The visible scars on former Philadelphia Flyer Keith Primeau's face serve as a testament to the relentlessly physical contact sport he has so loved his whole life. But it was the invisible scars - the numerous concussions - that ended his 15-year hockey career.
"I feel the last one pushed me over the cliff, but they all certainly had a cumulative effect," said Primeau, who joined a panel discussion on youth sports injuries sponsored by Virtua Health last month at the Skate Zone in Voorhees. The 6-foot-5, 220-pound center retired from the National Hockey League officially in September 2006, almost a year after what would be the final blow - a severe hit in a game against the Montreal Canadiens.
Yet "it's only in the past six months that I'm starting to feel like myself," he says.
Like many athletes, Primeau, of Voorhees, was reluctant to bow out despite dangerous symptoms including dizziness, double vision, memory loss and lethargy. "I don't know if it was bravado or stupidity. I know I made mistakes and wrong decisions," he said.
For a professional hockey player, injuries would seem to come with the job. But as the number of children participating in sports continues to climb, so do injuries, medical experts say, from less severe muscle strains to broken bones and the most serious injury: head trauma. The Centers for Disease Control and Prevention estimate that 300,000 sports-related concussions occur annually in the United States.
Seth Keller, a Virtua neurologist and former high school athletic trainer, says proper equipment, condition, preparation, and simply playing by the rules can prevent many injuries. Still, they will occur, particularly in contact sports. The danger lies in failing to closely monitor athletes after an injury, Keller said. Returning to competition too soon could risk life-altering impairment.
Greg Palmer knows firsthand what it's like to get back in the game too soon. The 16-year-old sophomore from Haddon Heights sustained a concussion in a soccer game last fall. Knocked unconscious for approximately 15 minutes, Palmer is told he dove for the ball and received a knee to his temple from an opposing player. He was out of school for a week and warned by his doctor: no sports for three weeks. That was fine - until wrestling season began.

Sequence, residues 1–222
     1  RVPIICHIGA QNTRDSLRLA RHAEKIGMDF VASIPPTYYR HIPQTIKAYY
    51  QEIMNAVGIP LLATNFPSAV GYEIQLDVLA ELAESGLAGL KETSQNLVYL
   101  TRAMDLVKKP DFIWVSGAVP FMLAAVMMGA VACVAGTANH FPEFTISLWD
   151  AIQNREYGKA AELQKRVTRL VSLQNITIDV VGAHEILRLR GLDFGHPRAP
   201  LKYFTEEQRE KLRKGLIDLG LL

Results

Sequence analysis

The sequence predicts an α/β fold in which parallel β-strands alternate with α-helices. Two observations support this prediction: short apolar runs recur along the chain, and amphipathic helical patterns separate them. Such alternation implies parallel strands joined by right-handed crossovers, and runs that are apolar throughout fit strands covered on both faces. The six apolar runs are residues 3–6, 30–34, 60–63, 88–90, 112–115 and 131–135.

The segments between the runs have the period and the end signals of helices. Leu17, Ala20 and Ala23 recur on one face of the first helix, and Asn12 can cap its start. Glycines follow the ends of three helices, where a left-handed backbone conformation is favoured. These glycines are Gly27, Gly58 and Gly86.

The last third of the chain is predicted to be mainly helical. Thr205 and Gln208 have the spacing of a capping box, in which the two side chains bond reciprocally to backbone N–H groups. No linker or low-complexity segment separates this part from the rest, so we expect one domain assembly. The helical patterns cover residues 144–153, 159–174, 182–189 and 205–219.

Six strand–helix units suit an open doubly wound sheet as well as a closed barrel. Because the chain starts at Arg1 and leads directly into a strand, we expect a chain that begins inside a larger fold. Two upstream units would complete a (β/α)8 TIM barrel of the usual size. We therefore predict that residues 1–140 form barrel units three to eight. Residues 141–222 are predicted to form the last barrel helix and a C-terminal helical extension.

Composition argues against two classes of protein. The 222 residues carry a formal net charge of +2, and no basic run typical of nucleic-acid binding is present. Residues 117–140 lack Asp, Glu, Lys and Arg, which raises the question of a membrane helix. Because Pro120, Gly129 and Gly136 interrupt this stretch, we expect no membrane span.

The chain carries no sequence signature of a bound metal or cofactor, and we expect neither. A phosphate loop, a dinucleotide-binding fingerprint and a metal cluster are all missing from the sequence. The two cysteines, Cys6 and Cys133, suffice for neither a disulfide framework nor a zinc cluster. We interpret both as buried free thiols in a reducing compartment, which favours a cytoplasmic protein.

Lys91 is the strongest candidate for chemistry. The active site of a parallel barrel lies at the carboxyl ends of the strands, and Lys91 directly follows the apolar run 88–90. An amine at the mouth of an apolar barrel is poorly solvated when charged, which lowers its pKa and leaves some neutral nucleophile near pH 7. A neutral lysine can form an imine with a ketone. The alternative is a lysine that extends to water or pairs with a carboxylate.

Soccer was just a "stay in shape" sport, Palmer said. "I probably lied about being fully recovered." Telling his parents and coaches he was good to go, Palmer returned to wrestling on Christmas Eve. He competed for about three weeks, until Jan. 11, when he was taken out of a match after a temporary bout of amnesia.
"I was in the middle of a match, and I didn't know where I was," he said. He hadn't told his coaches or parents that he was still dizzy and still getting headaches.
Initially after the soccer injury, his father, Greg Sr., noticed his son was quiet and lethargic. But now, he says he sees his son's energy level returning emotionally and physically and is eager to see his son return to competition. Socially, the younger Palmer says he hasn't missed a beat, despite being mostly home-schooled since January. Upon returning to school three weeks ago, he started light conditioning with the school's athletic trainer, Tim O'Donnell.
"We're basically relying on what he tells us," O'Donnell said.
Palmer said he's been symptom-free for about six weeks. However, toward the end of April, he scored poorly on an ImPACT test, a computerized assessment of neurocognitive function used for about 15 years by professional sports teams and, more recently, by high school athletic departments to measure how the brain has recovered from an injury. He's scheduled to be retested in about a week.
Rest and patience - often the keys to rehabilitation - are in short supply these days. In 18 years of practice, Mark Schwartz, an orthopedic surgeon who specializes in sports medicine at Virtua Health in Voorhees, says the stress he has noticed on athletes lately is year-round. "There is no down time for a lot of these kids, no rest period," he said.
Yet sometimes even with proper care, it's a matter of susceptibility. One of Schwartz's patients, 18-year-old Kristen McAfee, did all the right things after she tore a ligament in her left knee during soccer practice just before her junior year at Moorestown High School. Despite her conscientious adherence to physical therapy after her first knee injury, McAfee tore her the same ligament in her right knee during a soccer game at the beginning of her senior year.
She remembers feeling that all-too-familiar "snap." "As soon as I went down I thought, 'Oh no, not again,' " she said.
Recovered from her injuries, McAfee is headed to the University of Maryland to play Division I soccer in the fall. Now playing lacrosse for Moorestown, she frequents the school's training room, performing a regimen of strength and conditioning exercises. "You can't get lazy," she says, "even after you're OKd to play again."
Whether Palmer or McAfee continues to play sports will be up to their bodies, say their physicians.
Decades have passed since Primeau's first body check at age 7 in Ontario, and now he has four young children, two of whom play ice hockey. His advice to budding athletes and their parents is to listen to their doctors, coaches and athletic trainers. Parents should be observant; kids should be up-front. Take it from one who has been there, Primeau says. "It's OK to say you don't feel well."